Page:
There’s still much discussion and negotiation ahead in the state budget process. In the coming weeks, legislators from both chambers will be working to reach agreement on a budget, which will then be sent to the Governor for final approval. During this time, the UW will continue to have an active presence in Olympia as we work with our state leaders and our colleagues in higher education to find creative, sustainable solutions to our economic challenges. We hope in particular that before the session adjourns, the Legislature will enact a different model for funding the University.

To help keep everyone up to date on developments regarding our budget, I will be holding a series of community conversations at different venues across the Seattle campus. The format will be similar to the town hall meeting I held in March, but on a smaller, more informal scale. I will give a brief presentation on the latest information followed by Q&A. The details for three conversations are listed below. I invite you to attend as many as you would like, since the fluid times means that my updates will be different each week, and certainly the questions will be different. They will be recorded for later viewing on the Web if you cannot attend.

On a brighter note, in the midst of these turbulent economic times, it has been wonderful and heartening to see our students continue to achieve at very high levels. Four of our undergraduates — Mark Bun, Ben Dulken, Jane Hung, and Cameron Turtle — recently earned Goldwater Scholarships, one of the nation’s most prestigious awards for students aspiring to be scientists, mathematicians, and engineers. Among some of our other national awardees, Andrew Lewis was selected as a 2011 Truman Scholar based on his outstanding leadership potential and commitment to public service; Anshika Kumar was chosen for a Morris K. Udall Scholarship, which will help her pursue further education and research opportunities in environmental economics; and Byron Gray is one of only twenty students nationwide to receive a Beinecke Scholarship for graduate study in the arts, humanities, and social sciences. A team of UW Computer Science & Engineering students recently took first place in the National Collegiate Cyber Defense Competition. And I had the distinct pleasure of presenting the Freshman, Sophomore, and Junior Medals to Jennifer Kang, Gracie Ingermanson, and Krysta Yousoufian, respectively.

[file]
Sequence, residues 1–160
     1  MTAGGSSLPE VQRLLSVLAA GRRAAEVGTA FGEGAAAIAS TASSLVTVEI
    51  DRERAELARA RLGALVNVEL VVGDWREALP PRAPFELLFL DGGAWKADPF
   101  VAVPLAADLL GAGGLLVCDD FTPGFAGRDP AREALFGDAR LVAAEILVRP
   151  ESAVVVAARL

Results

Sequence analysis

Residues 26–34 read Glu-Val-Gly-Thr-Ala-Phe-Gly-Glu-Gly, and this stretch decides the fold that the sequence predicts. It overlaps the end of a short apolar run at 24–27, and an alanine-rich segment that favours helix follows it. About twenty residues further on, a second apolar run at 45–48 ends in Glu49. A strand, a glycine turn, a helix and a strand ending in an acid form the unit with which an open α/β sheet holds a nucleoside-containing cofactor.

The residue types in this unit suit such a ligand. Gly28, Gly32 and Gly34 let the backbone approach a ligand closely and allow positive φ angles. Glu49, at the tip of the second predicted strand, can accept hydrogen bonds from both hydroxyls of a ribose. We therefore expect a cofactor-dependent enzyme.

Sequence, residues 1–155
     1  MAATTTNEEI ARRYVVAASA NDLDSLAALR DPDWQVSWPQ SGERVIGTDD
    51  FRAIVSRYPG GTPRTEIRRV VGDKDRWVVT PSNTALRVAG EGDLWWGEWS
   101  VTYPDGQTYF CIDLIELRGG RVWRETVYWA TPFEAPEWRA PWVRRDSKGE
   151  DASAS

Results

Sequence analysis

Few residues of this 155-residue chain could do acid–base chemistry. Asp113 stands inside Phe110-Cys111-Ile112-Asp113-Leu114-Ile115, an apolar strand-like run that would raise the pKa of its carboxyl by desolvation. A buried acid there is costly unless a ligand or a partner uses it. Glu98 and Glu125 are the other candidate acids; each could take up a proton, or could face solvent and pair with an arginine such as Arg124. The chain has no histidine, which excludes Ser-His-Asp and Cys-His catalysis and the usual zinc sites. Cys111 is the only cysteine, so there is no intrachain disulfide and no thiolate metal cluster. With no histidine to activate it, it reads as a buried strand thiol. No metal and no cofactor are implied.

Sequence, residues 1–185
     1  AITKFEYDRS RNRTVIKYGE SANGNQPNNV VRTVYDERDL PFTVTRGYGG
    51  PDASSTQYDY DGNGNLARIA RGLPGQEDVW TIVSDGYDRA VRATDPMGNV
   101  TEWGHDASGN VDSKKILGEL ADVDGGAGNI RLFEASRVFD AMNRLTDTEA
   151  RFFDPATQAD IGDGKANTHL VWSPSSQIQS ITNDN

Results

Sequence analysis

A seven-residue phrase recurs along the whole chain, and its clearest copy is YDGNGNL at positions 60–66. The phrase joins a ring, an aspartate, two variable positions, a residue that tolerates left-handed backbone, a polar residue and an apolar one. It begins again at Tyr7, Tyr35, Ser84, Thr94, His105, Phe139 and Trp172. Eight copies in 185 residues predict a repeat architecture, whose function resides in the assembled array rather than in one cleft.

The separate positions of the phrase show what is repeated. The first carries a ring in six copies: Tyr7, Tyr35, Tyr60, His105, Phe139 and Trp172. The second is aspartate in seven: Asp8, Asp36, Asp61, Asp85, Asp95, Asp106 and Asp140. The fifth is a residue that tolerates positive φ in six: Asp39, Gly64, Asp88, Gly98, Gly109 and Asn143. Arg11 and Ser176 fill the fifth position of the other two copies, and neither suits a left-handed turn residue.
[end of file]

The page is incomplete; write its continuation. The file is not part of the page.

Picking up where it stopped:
I am so proud to see these and other UW students recognized for their talent and hard work. Likewise, I’m very proud of — but not surprised by — how deeply committed our University community continues to be to maintaining the excellence of the UW academic experience. Although the stress and strain of our ongoing funding challenges have been felt throughout our UW community, settling for mediocrity clearly is not an acceptable alternative to preserving quality for our faculty, staff, and students who continue to show remarkable spirit, dedication, and creativity. I know that these are difficult times for everyone, and I am greatly appreciative of all that you are doing in the face of our budget woes.

I will continue to keep you informed as the budget process moves along, and I hope you will be able join me at one or more of the community conversations.

Image of Phyllis Wise's signature

Phyllis M. Wise
Interim President